Theocratic Democracy: The Social Construction of Religious and Secular Extremism

Theocratic Democracy: The Social Construction of Religious and Secular Extremism

Theocratic Democracy: The Social Construction of Religious and Secular Extremism

Theocratic Democracy: The Social Construction of Religious and Secular Extremism

Synopsis

The state of Israel was established in 1948 as a Jewish democracy, without a legal separation between religion and the state. Ever since, the tension between the two has been a central political, social, and moral issue in Israel, resulting in a cultural conflict between secular Jews and the fundamentalist, ultra-orthodox Haredi community. What is the nature of this cultural conflict and how is it managed?

In Theocratic Democracy, Nachman Ben-Yehuda examines more than fifty years of media-reported unconventional and deviant behavior by members of the Haredi community. Ben-Yehuda finds not only that this behavior has happened increasingly often over the years, but also that its most salient feature is violence--a violence not random or precipitated by situational emotional rage, but planned and aimed to achieve political goals. Using verbal and non-verbal violence in the forms of curses, intimidation, threats, arson, stone-throwing, beatings, mass violations, and more, Haredi activists try to push Israel toward a more theocratic society. Driven by a theological notion that all Jews are mutually responsible and accountable to the Almighty, these activists believe that the sins of the few are paid for by the many. Making Israel a theocracy will, they believe, reduce the risk of transcendental penalties. Ben-Yehuda shows how the political structure that accommodates the strong theocratic and secular pressures Israel faces is effectively a theocratic democracy. Characterized by chronic negotiations, tensions, and accommodations, it is by nature an unstable structure. However, in his fascinating and lively account, Nachman Ben-Yehuda demonstrates how it allows citizens with different worldviews to live under one umbrella of a nation-state without tearing the social fabric apart.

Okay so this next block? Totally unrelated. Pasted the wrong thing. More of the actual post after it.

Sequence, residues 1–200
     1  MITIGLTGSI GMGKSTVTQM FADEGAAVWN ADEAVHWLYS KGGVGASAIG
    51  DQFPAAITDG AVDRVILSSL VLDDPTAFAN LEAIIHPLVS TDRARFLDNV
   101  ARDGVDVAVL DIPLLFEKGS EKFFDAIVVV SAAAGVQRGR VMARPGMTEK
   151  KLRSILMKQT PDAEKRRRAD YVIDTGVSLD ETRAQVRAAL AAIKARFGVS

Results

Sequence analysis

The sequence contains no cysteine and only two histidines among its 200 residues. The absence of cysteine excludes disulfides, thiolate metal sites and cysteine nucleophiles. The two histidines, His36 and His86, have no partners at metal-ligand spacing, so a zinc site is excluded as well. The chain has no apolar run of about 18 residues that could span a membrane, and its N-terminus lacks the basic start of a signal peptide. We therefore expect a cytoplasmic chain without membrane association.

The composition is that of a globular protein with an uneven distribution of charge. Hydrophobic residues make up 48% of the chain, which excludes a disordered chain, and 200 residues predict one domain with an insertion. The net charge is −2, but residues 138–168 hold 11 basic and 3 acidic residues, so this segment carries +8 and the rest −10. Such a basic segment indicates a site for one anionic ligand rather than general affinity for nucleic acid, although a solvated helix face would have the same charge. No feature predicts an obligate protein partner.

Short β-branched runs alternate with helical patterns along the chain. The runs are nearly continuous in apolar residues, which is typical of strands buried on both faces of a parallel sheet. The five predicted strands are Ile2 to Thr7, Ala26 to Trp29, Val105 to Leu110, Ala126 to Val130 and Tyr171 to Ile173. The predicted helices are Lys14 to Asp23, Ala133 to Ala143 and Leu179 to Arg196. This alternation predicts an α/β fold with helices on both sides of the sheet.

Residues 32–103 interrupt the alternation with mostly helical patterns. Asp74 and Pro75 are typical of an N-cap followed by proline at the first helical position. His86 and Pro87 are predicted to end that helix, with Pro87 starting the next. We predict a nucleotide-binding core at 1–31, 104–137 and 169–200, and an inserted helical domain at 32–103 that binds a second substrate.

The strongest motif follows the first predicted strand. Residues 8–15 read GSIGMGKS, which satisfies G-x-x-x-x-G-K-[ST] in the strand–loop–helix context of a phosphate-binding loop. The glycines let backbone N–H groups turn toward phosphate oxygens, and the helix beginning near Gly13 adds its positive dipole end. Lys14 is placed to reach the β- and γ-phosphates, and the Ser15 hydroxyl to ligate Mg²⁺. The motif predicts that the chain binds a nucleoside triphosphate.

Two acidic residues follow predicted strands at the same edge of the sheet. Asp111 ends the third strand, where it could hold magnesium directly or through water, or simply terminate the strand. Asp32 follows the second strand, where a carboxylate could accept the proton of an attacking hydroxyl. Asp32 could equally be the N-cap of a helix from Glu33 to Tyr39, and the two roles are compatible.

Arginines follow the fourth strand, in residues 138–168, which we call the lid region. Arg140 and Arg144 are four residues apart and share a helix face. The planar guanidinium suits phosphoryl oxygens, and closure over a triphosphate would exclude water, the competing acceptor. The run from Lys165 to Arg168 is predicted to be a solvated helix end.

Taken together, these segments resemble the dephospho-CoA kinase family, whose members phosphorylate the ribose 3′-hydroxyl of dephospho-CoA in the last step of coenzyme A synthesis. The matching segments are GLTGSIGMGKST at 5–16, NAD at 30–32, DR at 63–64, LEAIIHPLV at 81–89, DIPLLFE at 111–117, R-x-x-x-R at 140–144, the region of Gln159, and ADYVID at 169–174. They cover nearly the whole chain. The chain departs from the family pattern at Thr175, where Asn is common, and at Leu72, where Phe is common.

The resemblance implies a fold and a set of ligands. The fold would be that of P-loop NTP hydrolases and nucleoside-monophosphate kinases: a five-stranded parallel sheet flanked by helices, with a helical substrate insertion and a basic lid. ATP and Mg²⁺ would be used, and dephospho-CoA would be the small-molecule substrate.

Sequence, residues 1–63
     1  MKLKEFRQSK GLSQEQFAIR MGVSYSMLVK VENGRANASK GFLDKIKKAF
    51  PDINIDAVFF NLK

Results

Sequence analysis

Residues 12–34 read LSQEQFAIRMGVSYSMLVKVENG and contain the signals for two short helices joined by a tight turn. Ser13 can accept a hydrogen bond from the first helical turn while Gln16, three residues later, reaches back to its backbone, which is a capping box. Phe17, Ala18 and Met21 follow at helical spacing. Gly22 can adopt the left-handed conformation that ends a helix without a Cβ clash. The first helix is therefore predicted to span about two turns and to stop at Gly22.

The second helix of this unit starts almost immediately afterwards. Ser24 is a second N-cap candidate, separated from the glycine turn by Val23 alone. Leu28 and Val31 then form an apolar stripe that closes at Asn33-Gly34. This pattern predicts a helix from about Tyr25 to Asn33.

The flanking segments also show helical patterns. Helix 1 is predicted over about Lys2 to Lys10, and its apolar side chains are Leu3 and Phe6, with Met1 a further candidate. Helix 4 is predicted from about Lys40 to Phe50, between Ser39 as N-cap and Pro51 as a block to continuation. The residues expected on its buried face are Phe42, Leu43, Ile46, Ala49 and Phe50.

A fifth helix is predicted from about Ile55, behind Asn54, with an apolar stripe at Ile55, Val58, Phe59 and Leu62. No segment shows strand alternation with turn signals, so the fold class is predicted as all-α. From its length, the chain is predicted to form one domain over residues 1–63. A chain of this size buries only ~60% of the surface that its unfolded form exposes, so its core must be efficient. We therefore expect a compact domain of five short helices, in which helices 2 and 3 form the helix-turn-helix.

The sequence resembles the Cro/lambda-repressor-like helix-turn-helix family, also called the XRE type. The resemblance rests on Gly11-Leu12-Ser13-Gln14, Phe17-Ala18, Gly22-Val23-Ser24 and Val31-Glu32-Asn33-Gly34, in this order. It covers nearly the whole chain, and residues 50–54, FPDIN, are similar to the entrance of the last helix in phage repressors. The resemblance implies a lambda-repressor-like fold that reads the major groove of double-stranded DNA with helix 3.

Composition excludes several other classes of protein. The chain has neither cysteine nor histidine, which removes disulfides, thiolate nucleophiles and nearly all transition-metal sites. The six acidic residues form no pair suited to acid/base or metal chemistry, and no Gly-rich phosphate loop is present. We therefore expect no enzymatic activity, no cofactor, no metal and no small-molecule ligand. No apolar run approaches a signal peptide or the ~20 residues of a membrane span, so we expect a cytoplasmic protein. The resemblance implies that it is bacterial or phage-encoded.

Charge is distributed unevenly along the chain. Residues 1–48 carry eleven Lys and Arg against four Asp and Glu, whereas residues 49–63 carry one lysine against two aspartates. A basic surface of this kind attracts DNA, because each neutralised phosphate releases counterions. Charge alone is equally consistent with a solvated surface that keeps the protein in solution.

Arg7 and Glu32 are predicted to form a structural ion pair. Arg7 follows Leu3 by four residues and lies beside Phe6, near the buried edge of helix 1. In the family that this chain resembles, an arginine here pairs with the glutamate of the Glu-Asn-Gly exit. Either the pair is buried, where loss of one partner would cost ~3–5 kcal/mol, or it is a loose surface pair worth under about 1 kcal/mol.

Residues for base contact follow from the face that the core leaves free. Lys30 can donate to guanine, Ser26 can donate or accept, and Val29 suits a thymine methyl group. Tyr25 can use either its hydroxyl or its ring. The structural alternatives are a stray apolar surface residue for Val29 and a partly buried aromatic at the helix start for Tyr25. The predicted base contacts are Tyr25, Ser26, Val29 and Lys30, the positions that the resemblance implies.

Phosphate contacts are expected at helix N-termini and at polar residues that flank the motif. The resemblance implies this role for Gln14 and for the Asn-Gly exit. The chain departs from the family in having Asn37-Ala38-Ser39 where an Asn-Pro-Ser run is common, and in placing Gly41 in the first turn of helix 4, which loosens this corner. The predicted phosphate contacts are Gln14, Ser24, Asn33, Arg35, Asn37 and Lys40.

Excerpt

Kidnapping of Yosalle

During the late 1950s, six-year-old Yosalle Shuchmacher’s secular parents gave him to his ultraorthodox (Haredi) grandfather to be taken care of temporarily. When the parents’ economic situation improved in 1959, they wanted their son back. The grandfather refused, hid Yosalle first in Israel and then smuggled him via Europe to a Satmar family in New York. He wanted Yosalle to become a Haredi. The public’s turmoil in Israel was massive, and the Israeli secret service intervened. Eventually, agents located Yosalle (about ten years old then) and, in July 1962, returned him to his parents.

Flying over the Holon Cemetery

The route of some outgoing flights from Israel’s Ben-Gurion International Airport passes over a cemetery in Holon, a town near Tel Aviv. This route is necessary, because adjacent to the cemetery is an Israeli air force firing range, leaving little room for a sufficiently wide outgoing corridor. Nothing to it, would you not say? Not at all.

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